Metal nanoparticles may improve cancer treatment

November 30, 2012
Metal nanoparticles may improve cancer treatment
The research team developed a detector to measure the radiation dose in three dimensions.

Research led by RMIT University has shown that cheap, non-toxic nanoparticles can enhance radiotherapy treatments for cancer.

An international team of researchers led by RMIT has investigated alternatives to , which have been shown to concentrate used to treat cancer but are highly expensive and mildly toxic.

Doctoral researcher Mamdooh Alqathami said the team had identified bismuth as an ideal option, with tests showing that enhancing radiotherapy by using nanoparticles containing the heavy metal almost doubled the dose of radiation to surrounding .

"By enhancing radiation in the tumour, doctors may be able to decrease the initial dose of radiotherapy, which will hopefully result in fewer side effects for the patient while having the same impact on the cancer," Mr Alqathami, a researcher in the School of Medical Sciences, said.

" have shown promise in improving the efficacy of radiotherapy but there is a need to find cheaper and safer alternatives for therapeutic use.

"Bismuth-based nanoparticles are an attractive option as they cost only a few dollars per gram, compared with thousands of dollars a gram for gold, and they are non-toxic, reducing any side effects from potential treatments.

"While further work needs to be done before our findings can be implemented into conventional cancer treatments, this is an exciting advance that gives us a promising focus for ongoing research."

Mr Alqathami collaborated with researchers from RMIT's Health Innovations Research Institute, the University of Melbourne, the University of Surrey (UK) and the Institute of Cancer Research (UK) on the study.

To test the efficacy of bismuth, Mr Alqathami placed the nanoparticles inside a detector developed by his team to measure the radiation dose in .

The sample and detector was exposed to radiation that would normally be used to treat cancers. The final dose delivered was then compared with normal treatments, showing the bismuth-based nanoparticles increased the by 90 per cent.

The team is planning further tests to validate the findings and fully understand the dosage increase, to enable the findings to be implemented in treatment.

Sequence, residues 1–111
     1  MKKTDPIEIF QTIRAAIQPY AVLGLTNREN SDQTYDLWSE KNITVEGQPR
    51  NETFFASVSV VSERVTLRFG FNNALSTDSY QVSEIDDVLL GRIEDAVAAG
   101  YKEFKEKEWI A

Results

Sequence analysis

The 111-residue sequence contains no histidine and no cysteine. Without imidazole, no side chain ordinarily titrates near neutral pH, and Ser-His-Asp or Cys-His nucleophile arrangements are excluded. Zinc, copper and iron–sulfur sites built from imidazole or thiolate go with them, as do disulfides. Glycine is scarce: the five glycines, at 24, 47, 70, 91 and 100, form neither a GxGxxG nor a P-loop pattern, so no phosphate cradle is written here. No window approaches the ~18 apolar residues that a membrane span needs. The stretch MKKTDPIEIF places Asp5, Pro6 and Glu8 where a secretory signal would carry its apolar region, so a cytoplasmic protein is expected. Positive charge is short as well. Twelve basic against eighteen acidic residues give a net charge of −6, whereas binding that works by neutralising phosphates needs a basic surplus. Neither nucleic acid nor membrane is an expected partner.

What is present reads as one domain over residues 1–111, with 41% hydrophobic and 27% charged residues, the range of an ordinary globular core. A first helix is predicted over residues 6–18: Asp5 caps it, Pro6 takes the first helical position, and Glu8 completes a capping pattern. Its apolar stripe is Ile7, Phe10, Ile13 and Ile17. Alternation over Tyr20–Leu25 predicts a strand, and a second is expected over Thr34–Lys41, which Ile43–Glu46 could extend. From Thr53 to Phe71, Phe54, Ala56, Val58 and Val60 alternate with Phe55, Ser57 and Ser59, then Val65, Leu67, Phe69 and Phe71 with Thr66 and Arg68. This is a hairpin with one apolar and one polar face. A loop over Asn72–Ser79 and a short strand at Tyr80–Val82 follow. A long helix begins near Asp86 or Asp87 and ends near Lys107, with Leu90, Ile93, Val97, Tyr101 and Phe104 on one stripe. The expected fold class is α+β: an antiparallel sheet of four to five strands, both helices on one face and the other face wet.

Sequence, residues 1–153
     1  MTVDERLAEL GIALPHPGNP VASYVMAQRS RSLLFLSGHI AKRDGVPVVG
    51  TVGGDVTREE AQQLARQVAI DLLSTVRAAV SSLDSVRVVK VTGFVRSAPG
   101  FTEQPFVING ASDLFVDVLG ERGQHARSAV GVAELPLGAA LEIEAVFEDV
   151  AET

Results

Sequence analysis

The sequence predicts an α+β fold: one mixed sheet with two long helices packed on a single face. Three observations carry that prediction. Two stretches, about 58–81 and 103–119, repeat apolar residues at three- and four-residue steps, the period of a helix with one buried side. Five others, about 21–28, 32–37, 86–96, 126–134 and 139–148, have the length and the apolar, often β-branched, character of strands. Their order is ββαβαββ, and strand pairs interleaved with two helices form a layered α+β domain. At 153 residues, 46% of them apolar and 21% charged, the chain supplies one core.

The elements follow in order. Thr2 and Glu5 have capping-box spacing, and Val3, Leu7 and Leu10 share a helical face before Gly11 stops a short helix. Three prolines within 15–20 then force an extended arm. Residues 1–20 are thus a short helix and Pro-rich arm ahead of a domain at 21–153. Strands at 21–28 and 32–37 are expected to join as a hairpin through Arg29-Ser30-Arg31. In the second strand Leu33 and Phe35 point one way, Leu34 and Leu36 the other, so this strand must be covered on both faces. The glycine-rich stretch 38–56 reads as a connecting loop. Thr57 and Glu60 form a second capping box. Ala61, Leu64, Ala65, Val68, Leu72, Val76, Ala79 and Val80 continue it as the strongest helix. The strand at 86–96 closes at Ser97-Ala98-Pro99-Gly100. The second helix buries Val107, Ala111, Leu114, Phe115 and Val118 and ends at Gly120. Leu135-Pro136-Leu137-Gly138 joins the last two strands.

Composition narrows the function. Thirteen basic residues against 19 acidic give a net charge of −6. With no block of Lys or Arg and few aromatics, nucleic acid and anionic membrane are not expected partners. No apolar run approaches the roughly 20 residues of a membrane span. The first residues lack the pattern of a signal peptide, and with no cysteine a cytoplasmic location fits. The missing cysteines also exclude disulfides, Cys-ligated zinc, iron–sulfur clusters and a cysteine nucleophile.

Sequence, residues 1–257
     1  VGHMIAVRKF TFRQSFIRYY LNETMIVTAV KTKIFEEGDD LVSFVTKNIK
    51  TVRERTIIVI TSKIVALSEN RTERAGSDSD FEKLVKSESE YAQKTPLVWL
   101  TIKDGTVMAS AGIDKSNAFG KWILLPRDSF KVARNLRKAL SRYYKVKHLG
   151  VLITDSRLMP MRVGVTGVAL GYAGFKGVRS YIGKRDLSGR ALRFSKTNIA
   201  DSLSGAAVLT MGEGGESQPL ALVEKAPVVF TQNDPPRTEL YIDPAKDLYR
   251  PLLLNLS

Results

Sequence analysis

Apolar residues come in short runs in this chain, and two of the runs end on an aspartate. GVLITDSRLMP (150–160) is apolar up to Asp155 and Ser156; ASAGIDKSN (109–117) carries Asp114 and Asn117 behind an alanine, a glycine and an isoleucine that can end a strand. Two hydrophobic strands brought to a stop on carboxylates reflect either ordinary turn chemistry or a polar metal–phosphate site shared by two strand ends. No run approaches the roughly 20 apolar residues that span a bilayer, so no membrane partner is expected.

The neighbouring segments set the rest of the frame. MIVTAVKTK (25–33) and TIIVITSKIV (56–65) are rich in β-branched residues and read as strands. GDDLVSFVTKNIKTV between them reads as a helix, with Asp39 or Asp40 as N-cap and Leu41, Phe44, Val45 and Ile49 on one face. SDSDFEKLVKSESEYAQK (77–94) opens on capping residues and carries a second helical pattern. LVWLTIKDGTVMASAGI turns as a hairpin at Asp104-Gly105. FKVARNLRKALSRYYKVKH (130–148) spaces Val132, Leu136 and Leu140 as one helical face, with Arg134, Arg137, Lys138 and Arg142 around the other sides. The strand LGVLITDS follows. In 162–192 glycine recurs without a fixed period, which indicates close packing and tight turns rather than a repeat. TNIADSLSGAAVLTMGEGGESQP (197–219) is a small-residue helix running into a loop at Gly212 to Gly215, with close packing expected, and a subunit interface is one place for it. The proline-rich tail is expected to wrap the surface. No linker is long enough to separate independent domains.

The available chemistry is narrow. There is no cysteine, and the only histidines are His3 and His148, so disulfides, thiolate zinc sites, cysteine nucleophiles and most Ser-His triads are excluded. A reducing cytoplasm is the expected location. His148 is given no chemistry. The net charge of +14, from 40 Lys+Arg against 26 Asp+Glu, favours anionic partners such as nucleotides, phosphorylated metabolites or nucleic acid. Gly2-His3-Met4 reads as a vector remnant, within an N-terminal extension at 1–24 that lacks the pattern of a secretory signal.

This research was presented at the International Conference on 3D Radiation Dosimetery recently held in Sydney.

Explore further: NPL unveils new equipment to make cancer treatment safer

Related Stories

NPL unveils new equipment to make cancer treatment safer

November 14, 2008

A new piece of medical technology unveiled at the National Physical Laboratory (NPL) today will help improve the success rates of radiotherapy cancer treatments. The new clinical electron linear accelerator (linac) will help ...

Recommended for you

Reshaping the solar spectrum to turn light to electricity

July 28, 2015

When it comes to installing solar cells, labor cost and the cost of the land to house them constitute the bulk of the expense. The solar cells—made often of silicon or cadmium telluride—rarely cost more than 20 percent ...

Could stronger, tougher paper replace metal?

July 24, 2015

Researchers at the University of Maryland recently discovered that paper made of cellulose fibers is tougher and stronger the smaller the fibers get. For a long time, engineers have sought a material that is both strong (resistant ...

Changing the color of light

July 23, 2015

Researchers at the University of Delaware have received a $1 million grant from the W.M. Keck Foundation to explore a new idea that could improve solar cells, medical imaging and even cancer treatments. Simply put, they want ...

Wafer-thin material heralds future of wearable technology

July 27, 2015

UOW's Institute for Superconducting and Electronic Materials (ISEM) has successfully pioneered a way to construct a flexible, foldable and lightweight energy storage device that provides the building blocks for next-generation ...

0 comments

Please sign in to add a comment. Registration is free, and takes less than a minute. Read more

Click here to reset your password.
Sign in to get notified via email when new comments are made.